I didnt vote for the mayor the first time, but I will next time.
Here's some history-
Urban school districts tend to turn to mayoral control after long periods of dysfunction and lagging achievement. School board members have been blamed for protecting parochial interests such as keeping open one member's failing school at the expense of broader interests throughout the district. Suburban districts, often better funded and higher-performing, haven't seen a similar movement away from elected school boards.
But for centuries, school boards have also been viewed as a shield against children losing out to favored political patrons in city hall. The National School Board Association opposes takeovers by mayors who may not have only children's interests at heart. It calls locally elected bodies "the nation's pre-eminent expression of grass-roots democracy."
In 1992, Boston became the first major urban system to institute mayoral control after a period marked by a revolving door for superintendents and poor academic results. Boston then recruited Superintendent Thomas Payzant, who served 11 years until stepping down in 2006 -- a remarkably long tenure for an urban schools chief.
Elizabeth Reilinger, school committee chair throughout Mr. Payzant's time in office, credits mayoral control with providing the stability needed to retain Mr. Payzant, under whom students made impressive gains on national standardized math tests. Ms. Reilinger points out that, in Boston, a nominating committee representing parents, teachers and others offer school committee candidates to the mayor, helping win community support. Boston voters twice approved a measure authorizing mayoral control.
Proponents of mayoral control also point to the Chicago schools, famously called the worst in the nation by former Education Secretary William Bennett in the late 1980s. Mr. Duncan, the U.S. education secretary, ran the Chicago schools, which have been under mayoral control since 1995. Mr. Duncan, tapped by President Obama because of his performance in Chicago, closed troubled schools, instituted performance-based pay for teachers and improved state test scores.
Scores on state standardized tests have also risen in Boston and New York and other systems with mayoral control. But the results are more mixed when examining systems" scores on the National Assessment of Educational Progress, which measures achievement on U.S. standards for math, reading and other subjects. Joseph P. Viteritti, a public policy professor at Hunter College in New York who edited a book studying mayoral control, says, "There's no compelling evidence that mayoral control improves performance. "Still, Mr. Viteritti, a former New York schools official who headed a commission on mayoral control, says the arrangement can spark needed change in a troubled system.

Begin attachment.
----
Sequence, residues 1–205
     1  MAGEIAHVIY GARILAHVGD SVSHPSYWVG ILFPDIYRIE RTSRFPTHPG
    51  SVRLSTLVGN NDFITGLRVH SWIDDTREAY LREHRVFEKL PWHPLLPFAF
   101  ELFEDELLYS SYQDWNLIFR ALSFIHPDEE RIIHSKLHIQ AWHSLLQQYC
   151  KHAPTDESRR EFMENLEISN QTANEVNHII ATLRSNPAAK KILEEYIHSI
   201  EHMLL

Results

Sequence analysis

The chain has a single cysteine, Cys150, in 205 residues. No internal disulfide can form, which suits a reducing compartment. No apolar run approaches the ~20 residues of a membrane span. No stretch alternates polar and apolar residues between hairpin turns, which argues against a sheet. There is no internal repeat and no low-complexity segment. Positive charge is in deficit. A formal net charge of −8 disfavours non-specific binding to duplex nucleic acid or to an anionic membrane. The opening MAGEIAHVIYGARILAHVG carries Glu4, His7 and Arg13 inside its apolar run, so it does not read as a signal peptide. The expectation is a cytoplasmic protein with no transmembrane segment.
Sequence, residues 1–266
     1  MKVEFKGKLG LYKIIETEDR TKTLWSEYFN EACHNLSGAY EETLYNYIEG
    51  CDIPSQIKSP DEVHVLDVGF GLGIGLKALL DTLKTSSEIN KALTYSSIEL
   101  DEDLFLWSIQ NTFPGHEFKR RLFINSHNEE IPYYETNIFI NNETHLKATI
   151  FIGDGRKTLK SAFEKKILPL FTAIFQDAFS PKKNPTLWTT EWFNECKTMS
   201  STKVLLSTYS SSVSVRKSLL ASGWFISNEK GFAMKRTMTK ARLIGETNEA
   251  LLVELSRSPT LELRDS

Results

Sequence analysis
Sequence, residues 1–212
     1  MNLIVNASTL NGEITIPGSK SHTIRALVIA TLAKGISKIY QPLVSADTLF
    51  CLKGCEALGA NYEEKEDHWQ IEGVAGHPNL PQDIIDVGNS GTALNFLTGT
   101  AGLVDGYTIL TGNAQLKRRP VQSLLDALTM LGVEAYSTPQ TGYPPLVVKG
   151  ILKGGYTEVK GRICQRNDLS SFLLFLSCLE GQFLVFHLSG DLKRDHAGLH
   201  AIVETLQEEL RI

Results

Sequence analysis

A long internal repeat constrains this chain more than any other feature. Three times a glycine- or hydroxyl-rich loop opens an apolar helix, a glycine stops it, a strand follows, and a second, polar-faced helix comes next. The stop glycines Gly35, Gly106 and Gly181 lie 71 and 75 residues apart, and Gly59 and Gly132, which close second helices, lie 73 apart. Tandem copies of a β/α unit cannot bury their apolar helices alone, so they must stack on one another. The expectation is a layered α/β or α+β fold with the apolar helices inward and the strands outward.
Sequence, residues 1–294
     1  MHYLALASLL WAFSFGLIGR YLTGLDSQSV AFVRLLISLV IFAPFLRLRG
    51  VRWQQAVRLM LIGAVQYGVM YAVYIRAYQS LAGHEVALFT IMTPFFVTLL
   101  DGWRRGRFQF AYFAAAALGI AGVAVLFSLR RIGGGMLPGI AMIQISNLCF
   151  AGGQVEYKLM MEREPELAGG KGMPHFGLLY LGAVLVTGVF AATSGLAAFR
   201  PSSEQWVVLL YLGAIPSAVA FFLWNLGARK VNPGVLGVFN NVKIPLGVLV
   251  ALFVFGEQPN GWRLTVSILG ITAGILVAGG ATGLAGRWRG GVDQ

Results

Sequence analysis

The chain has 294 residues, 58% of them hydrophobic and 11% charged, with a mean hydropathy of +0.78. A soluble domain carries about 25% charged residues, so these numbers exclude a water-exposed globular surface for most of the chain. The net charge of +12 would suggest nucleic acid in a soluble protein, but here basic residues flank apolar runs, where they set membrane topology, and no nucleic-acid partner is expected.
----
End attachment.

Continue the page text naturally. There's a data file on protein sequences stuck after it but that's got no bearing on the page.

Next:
After adopting mayoral control in 1999, Detroit voters rejected it in 2004 amid little classroom progress and plenty of political bickering. Recently, Michigan Gov. Jennifer Granholm and Mr. Duncan have both urged Detroit's mayor to take charge there. Late last month, Mr. Duncan said the mayor should "be responsible for much, much better student achievement." This week, a spokesman for Detroit Mayor Ken Cockrel Jr. said he is "open to the idea."
In Dallas, Mayor Tom Leppert has recently discussed taking control of the Dallas Independent School District. There would be at least one complicating factor: The school district includes 13 municipalities, most of which do not elect Dallas's mayor, says Jon Dahlander, a schools spokesman.
In Milwaukee, Mayor Tom Barrett has expressed interest in overseeing his city's schools, struggling with declining enrollment and tightening budgets.
"No issue is more important than education," Mr. Barrett says. "Mayors around the country are looking at the schools in their cities and saying, "What can I do to help the situation?' "
Mr. Barrett says mayors are more accountable to citizens than school boards. He points to low voter turnout in local school board elections -- 4.3%in a recent primary, compared with 40% in a mayoral primary election.
But teachers and their unions have been leery of giving up school boards. Terry Falk, a retired teacher and current Milwaukee school-board member, fears an education dictatorship. "The problem with mayoral control, you might have a good mayor at a particular time," he says. "But what about the next mayor and the mayor after that?